Despite its limitations, serologic testing for H pylori may have a role in some situations. Clinical scenarios associated with a high pretest probability of H pylori infection (eg, chronic peptic ulcer disease without other risk factors) increase the positive predictive value of H pylori infection. In such a situation, a positive serologic test should prompt initiation of treatment, whereas a negative serologic test does not rule out H pylori infection (Figure). In contrast, in the presence of lower pretest probability symptoms (eg, dyspepsia), positive serologic testing has such a high false-positive rate that providers must first confirm the result with a stool antigen or urea breath test before initiating treatment.


For patients with alarm signs and symptoms and an indication for endoscopy (eg, bleeding peptic ulcer, iron deficiency anemia), providers should use endoscopy with biopsy to diagnose H pylori infection.16 For patients with dyspepsia or nonspecific gastrointestinal symptoms (ie, a low pretest probability of H pylori) and no indication for endoscopy, providers should diagnose active infection with stool antigen or urea breath test. If possible, serologic testing should be avoided. Except in very high pretest probability clinical scenarios, positive serologic tests should be confirmed via stool antigen or urea breath test before initiating treatment. The stool antigen or urea breath test should only be ordered after patients have stopped antibiotics, bismuth, and PPIs for 4 weeks.16 For patients requiring antisecretory therapy, providers can substitute histamine-2 receptor antagonists (H2RA) for the PPIs, as H2RAs do not interfere with either the stool antigen or urea breath test.4 Eradication of H pylori infection should be confirmed through biopsy, urea breath test, or stool antigen test 4 weeks after patients have completed treatment.


  • Use stool antigen or urea breath tests to diagnose H pylori infection noninvasively in patients without an indication for endoscopy.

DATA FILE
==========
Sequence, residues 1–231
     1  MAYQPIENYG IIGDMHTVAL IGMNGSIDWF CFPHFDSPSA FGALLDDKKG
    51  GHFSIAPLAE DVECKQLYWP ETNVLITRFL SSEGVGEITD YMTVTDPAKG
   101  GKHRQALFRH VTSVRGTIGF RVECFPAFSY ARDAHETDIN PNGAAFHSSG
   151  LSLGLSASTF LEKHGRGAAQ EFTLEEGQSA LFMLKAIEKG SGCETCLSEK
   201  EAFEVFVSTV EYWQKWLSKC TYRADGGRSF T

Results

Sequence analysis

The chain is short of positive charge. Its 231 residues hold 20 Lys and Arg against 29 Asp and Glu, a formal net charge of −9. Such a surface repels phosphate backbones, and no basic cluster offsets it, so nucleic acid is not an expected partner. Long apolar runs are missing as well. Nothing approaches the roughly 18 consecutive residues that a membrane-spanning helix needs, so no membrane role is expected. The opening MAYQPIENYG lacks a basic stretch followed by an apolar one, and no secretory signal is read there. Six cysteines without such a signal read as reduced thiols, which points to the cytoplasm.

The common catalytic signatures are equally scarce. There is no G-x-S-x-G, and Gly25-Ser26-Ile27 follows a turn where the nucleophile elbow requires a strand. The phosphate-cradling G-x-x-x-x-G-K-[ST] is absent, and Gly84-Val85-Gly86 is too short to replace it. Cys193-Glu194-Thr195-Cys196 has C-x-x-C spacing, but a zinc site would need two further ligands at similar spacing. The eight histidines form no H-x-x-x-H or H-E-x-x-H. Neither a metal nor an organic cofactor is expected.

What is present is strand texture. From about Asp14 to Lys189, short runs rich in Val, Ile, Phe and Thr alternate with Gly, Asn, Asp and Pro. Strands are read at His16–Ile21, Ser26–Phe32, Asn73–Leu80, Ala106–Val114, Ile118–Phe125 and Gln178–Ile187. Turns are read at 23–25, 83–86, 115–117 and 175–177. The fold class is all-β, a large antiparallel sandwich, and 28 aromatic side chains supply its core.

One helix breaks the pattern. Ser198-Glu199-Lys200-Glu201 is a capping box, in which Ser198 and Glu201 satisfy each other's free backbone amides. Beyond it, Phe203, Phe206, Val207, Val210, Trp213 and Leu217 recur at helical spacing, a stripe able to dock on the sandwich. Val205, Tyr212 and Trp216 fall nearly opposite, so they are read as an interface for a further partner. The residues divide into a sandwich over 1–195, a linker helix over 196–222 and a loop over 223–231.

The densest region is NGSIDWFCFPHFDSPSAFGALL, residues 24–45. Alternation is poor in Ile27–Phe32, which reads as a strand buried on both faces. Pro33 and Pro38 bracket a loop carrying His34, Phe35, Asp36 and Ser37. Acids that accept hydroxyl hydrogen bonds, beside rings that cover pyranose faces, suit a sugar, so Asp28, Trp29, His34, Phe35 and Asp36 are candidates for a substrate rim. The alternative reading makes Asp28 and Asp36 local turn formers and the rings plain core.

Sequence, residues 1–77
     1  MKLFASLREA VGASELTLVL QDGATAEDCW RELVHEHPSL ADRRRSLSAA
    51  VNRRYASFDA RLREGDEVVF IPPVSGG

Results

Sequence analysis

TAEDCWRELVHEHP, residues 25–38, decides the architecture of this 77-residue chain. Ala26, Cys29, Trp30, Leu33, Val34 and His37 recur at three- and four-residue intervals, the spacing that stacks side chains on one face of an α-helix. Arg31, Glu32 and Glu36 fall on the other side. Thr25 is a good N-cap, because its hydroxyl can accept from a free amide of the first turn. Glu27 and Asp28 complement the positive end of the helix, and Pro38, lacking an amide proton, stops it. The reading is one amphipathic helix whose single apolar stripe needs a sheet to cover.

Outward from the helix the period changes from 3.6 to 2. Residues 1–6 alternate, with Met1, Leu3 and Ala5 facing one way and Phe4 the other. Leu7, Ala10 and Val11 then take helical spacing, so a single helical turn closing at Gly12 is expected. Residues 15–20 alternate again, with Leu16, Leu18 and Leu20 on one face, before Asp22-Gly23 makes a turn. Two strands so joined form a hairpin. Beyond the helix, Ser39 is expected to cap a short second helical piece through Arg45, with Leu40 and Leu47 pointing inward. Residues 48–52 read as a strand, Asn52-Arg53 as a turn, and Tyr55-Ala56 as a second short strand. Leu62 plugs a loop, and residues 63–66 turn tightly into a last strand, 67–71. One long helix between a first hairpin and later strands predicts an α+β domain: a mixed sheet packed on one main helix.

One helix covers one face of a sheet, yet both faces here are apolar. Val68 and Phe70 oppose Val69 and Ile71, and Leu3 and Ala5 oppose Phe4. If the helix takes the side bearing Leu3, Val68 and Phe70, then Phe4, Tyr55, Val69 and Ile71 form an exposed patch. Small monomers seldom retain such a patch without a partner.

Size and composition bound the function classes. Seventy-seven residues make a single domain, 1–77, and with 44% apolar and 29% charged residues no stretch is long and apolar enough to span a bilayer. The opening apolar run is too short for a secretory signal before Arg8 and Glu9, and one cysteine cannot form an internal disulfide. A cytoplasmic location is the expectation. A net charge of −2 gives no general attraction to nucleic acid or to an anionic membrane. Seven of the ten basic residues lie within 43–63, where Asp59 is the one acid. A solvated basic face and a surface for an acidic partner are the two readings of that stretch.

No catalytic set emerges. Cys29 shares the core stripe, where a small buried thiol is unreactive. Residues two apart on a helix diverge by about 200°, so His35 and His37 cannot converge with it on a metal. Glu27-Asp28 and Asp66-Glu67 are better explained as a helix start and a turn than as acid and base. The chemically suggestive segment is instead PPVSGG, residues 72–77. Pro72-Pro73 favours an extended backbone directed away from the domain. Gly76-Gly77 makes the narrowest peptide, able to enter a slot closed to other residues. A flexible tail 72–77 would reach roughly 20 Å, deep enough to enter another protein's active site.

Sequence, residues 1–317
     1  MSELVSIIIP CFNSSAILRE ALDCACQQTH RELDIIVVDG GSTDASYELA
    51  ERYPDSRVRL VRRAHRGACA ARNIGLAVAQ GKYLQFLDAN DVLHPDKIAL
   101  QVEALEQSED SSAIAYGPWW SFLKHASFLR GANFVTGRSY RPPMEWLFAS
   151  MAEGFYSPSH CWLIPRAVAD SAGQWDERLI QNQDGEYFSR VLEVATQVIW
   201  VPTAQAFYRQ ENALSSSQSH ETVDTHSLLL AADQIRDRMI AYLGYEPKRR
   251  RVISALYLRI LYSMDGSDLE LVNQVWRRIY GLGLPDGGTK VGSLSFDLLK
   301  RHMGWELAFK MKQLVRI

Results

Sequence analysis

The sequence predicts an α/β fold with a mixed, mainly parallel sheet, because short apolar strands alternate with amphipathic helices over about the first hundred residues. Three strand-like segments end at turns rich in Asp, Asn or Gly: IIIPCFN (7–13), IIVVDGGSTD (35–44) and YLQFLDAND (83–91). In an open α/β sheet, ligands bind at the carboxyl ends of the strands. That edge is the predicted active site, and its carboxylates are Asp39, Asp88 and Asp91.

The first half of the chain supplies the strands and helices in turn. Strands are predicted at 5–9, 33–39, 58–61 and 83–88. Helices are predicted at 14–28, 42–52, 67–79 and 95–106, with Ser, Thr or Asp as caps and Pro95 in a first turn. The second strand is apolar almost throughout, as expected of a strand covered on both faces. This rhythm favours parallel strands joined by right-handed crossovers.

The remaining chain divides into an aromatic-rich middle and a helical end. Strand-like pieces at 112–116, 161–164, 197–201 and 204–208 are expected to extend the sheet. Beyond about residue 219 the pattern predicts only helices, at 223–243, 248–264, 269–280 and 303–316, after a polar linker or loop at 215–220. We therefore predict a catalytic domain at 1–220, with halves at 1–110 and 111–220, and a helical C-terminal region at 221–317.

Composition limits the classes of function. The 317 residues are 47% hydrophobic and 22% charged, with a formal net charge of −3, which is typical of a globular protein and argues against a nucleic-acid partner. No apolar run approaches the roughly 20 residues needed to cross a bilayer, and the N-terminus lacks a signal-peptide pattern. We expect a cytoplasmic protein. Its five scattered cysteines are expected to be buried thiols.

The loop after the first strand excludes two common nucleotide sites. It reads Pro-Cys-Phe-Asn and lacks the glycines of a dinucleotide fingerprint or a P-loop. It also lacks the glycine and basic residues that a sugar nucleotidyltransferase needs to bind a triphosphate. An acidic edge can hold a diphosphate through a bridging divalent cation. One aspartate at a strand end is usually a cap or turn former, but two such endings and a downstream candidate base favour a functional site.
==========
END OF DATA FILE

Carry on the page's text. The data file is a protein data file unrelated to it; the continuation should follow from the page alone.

• Use endoscopic biopsy with histology to diagnose H pylori infection in patients with an indication for endoscopy.
  • Delay stool antigen and urea breath testing until 4 weeks after patients have ceased using medications that interfere with test results (eg, antibiotics, bismuth, PPIs); H2RAs do not interfere with testing.
  • In cases of a bleeding peptic ulcer with a negative biopsy for H pylori, retest with biopsy after the bleeding resolves or retest using stool antigen or urea breath test.
  • Confirm a positive serologic test via stool antigen or urea breath test before initiating treatment except in very high pretest probability clinical scenarios.
  • Test to confirm eradication with biopsy, urea breath, or stool antigen test in all cases of confirmed H pylori infection.
  • Do not order or try to interpret H pylori IgA and IgM tests as they have no role in the diagnosis or management of H pylori infections.


In the clinical scenario, the patient clinically improved with fluid resuscitation and supportive care. The history of unexplained dyspepsia is an indication to assess for H pylori infection with either urea breath test or stool antigen test. Given the positive serologic test, the provider should have retested for active infection with a stool antigen or urea breath test prior to initiating treatment.

Do you think this is a low-value practice? Is this truly a “Thing We Do for No Reason”? Share what you do in your practice and join in the conversation online by retweeting it on Twitter (#TWDFNR) and liking it on Facebook. We invite you to propose ideas for other “Things We Do for No Reason” topics by emailing [email protected]